Exxon Mobil Corp (XOM) Q2 2019 Earnings Call Transcript

XOM earnings call for the period ending June 30, 2019.

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ExxonMobil Corp (NYSE:XOM)
Q2 2019 Earnings Call
Aug 2, 2019, 9:30 a.m. ET

Contents:

  • Prepared Remarks
  • Questions and Answers
  • Call Participants

Prepared Remarks:

Operator

Good day, everyone. Welcome to this ExxonMobil Corporation Second Quarter 2019 Earnings Call. Today's call is being recorded.

At this time, I'd like to turn the call over to the Vice President of Investor Relations and Secretary, Mr. Neil Hansen. Please go ahead, sir.

Neil A. Hansen -- Vice President of Investor Relations and Secretary

All right. Thank you. Good morning, everyone. Welcome to our second quarter earnings call. We appreciate your participation on the call today and your continued interest in ExxonMobil. This is Neil Hansen, Vice President of Investor Relations. Joining me on the today is Neil Chapman, Neil is a Senior Vice President and member of the Management Committee with responsibilities for the upstream. After I review the financial and operating performance, Neil will provide his perspectives on the quarter and give updates on the substantial progress we've made on the major growth projects across the business. Following Niel's remarks, we'll be happy to take your questions.

Our comments this morning will reference to slides available on the Investors section of our website. I'd also like to draw your attention to the cautionary statement on Slide 2 and the supplemental information at the end of this presentation.

Moving to Slide 3. Let me start first by summarizing the solid progress we've made on our major growth plans along with other noteworthy accomplishments. Neil will go into more detail after my remarks but I wanted to take a few moments to touch on some key highlights. In the first half of the year, we've made good progress on our growth plans. The fundamentals and long-term demand growth that underpin our investments remain strong. The competitive advantages we've built into our projects make them robust across commodity price cycles. Including the margin environment we are currently experiencing.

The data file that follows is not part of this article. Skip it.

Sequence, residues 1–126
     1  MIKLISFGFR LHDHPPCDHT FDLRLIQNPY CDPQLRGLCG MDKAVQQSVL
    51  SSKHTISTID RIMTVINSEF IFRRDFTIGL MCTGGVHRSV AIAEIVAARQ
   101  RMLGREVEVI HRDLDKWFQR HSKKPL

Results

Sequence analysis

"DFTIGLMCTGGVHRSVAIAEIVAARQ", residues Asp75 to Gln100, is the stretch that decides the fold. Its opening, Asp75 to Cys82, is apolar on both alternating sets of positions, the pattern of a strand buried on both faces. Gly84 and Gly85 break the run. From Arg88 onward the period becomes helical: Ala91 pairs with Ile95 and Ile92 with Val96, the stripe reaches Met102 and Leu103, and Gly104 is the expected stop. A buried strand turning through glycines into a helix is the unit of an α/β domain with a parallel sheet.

We reached final investment decision for nine major strategic projects in just the first six months of the year, including projects from all three business lines. Offshore exploration success continued with four significant deepwater discoveries, three in Guyana and one in Cyprus. And we achieved key milestones in the development of two of our LNG growth projects in Papua New Guinea and Mozambique.

Liquids production increased significantly from last year, with volumes up 144,000 barrels per day or 7% driven by strong growth in the Permian. We remain on schedule with plans to increase production in the Permian to 1 million oil equivalent barrels per day by 2024, as we also continue to build out supporting infrastructure and takeaway capacity.

In the Downstream and Chemical businesses, recent project start-ups in North America and Europe are already making a positive contribution to results. These projects are accretive to earnings even in the current margin environment, demonstrating the market resiliency we envisioned when making these investments. In particular, the Baytown steam cracker which started up last year has performed exceptionally well with production exceeding design capacity by 10%.

Lastly, we increased the quarterly dividend by 6%, marking the 37th consecutive year of dividend growth. Positive momentum we generated in the first half of the year is in line with the plans we laid out in 2018 and reiterated in March and positions us very well to generate long-term shareholder value.

I'll now highlight our second quarter financial performance starting on Slide 4. Earnings were $3.1 billion in the quarter or $0.73 per share, including a positive $0.12 per share impact from a tax rate change in Alberta, Canada. These results were in line with our expectations. Given the margin environment, seasonal impacts and planned maintenance we experienced during the quarter. The margin environment remained challenging in the second quarter as short-term supply and demand imbalances continue to pressure natural gas prices and industry product margins.